Dave Sheinin: Give up on the season? You kidding me? Let's take a look at the situation: At 35-36, the Mets are 5 1/2 games back in their division and six games back in the wild card. Three teams are ahead of them in the former, and four teams (not counting current division leaders) in the latter. You mean to tell me that's too steep a hill to climb? I understand your sentiment -- the Mets are a flawed, aging team. But so are the four teams ahead of them in the wild card (Florida, Philly, St. Louis, Milwaukee). The whole point of firing Randolph was to light a fire under the team at a time when the season is still very much salvageable.

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Chantilly, Va.: Dave: Should Red Sox fans be at all worried about the Yankees?

Dave Sheinin: Absolutely -- particularly because the teams play each other 13 more times. I think Boston is clearly a better team, top to bottom, but I've also said all along the Yankees would be heard from before this thing is over.

And of course, it needs to be pointed out: The Red Sox ought to be far more worried (and probably are) about the Rays.

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Columbia, MD: This does not have to be part of the chat, (but it can be) but I wanted to tell you that I sent your Dustin Pedroia When It Clicked interview that was in MLB Sunday a couple of weeks ago to my 8 year old great-nephew. (He lives out of state) Dustin is his favorite player now due to a large part to Dustin's size. My nephew has wanted to be a major league baseball player since he was 2 and he is not destined to be a very big guy. He has always been the smallest kid on all of his teams but he really is a natural.So Dustin gives him inspiration the he can make it. I knew that the interview would mean a lot to him. He said he is going to keep it to read it over and over for inspiration. He is playing right now in a 7-8 year old Little League All-Star tournament. His team has won all 4 games so far. I hope to be spending my retirement years following him around the country watching him play. Hey, dreams do come true. Thanks for the interview and thanks for all the great work you do on MLB Sunday.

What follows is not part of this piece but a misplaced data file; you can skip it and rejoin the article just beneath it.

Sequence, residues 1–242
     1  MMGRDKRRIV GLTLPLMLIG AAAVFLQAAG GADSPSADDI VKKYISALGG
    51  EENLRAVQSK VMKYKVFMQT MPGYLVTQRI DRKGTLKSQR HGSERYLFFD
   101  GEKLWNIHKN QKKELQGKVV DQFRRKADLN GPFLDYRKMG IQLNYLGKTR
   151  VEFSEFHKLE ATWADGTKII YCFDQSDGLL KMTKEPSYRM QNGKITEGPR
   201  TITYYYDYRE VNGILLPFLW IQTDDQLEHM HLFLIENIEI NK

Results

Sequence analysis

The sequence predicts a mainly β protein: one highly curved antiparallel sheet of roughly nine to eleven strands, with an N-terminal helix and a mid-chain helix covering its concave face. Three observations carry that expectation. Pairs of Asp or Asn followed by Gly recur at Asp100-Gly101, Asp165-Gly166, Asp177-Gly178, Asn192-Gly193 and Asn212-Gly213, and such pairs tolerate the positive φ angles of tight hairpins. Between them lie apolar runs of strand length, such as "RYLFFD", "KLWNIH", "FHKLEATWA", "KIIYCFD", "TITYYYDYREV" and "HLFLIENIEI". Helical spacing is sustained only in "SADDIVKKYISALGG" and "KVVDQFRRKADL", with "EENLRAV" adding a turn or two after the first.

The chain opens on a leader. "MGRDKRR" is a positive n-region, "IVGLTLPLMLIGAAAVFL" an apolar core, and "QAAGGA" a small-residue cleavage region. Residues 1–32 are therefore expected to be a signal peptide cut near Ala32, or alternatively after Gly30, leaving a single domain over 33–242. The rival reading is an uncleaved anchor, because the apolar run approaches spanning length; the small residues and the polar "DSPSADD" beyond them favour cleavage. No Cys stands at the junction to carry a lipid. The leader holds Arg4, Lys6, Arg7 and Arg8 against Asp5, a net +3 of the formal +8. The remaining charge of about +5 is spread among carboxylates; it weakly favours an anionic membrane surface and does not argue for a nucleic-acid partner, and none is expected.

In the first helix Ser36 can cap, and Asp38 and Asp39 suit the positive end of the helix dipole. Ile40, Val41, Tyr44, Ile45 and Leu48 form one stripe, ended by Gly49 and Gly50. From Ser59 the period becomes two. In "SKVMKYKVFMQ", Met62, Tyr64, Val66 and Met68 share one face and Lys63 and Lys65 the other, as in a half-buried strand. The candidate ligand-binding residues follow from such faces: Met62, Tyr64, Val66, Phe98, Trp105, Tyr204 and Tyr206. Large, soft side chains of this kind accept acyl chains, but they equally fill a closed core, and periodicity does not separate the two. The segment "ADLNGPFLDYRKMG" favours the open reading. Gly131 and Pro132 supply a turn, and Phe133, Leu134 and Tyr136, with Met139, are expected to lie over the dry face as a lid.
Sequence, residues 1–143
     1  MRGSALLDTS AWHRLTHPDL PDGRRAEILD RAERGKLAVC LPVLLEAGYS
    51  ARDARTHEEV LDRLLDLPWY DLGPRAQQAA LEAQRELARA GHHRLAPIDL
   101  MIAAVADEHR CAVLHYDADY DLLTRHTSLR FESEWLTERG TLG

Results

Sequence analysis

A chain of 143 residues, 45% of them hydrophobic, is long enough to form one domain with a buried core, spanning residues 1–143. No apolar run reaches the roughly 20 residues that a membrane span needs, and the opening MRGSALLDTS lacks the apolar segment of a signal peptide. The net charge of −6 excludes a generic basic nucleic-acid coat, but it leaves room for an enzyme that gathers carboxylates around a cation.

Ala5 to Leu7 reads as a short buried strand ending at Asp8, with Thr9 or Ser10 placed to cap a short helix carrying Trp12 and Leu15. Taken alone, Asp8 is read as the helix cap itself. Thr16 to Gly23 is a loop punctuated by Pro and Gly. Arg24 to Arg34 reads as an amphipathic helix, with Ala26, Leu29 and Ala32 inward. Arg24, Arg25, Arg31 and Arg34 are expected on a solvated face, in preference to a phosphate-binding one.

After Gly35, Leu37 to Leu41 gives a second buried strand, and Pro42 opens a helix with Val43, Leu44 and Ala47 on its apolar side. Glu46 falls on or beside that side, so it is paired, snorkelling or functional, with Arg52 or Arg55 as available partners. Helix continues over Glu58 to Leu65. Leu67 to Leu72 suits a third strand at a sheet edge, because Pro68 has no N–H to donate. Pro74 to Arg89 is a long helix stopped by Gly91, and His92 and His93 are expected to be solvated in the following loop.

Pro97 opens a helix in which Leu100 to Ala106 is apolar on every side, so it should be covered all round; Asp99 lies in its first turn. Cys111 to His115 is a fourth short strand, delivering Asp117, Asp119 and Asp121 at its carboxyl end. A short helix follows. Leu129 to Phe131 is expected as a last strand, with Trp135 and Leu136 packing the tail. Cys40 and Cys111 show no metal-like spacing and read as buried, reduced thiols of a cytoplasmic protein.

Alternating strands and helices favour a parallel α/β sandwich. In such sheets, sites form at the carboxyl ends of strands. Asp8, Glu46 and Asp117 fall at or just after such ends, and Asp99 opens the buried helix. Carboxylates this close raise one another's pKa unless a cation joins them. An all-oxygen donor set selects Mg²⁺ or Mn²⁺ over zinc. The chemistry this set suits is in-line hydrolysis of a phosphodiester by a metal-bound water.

Dave Sheinin: Thanks for the nice note, Columbia. When I cooked up "When It Clicked" as a regular feature of our MLB Sunday page, I envisioned it as being a kid-friendly service, in which young ballplayers can learn a little bit about the hows and whys that turned some of these MLB stars into the players they are today. Good luck to your great-nephew.

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Columbia, MD: Hey, Dave! It's Henry here (whose mom lives in the same retirement community as Bill Werber)...Thanks so much for great story!

Dave Sheinin: Excellent! Very cool. Thanks for the note.

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D.C.: Is there any further word on what exactly Ponson did to get dumped from Texas? It must've been pretty bad if the perenially pitching-starved Rangers couldn't put up with him.

Dave Sheinin: Apparently, there were a few things -- an incident at a hotel bar, a run-in with manager Ron Washington over being pulled out of a game after four innings and another run-in with Washington when his subsequent start was pushed back a few days.

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DC: Should the Braves start exploring their options when it comes to moving Mark Texiera this summer?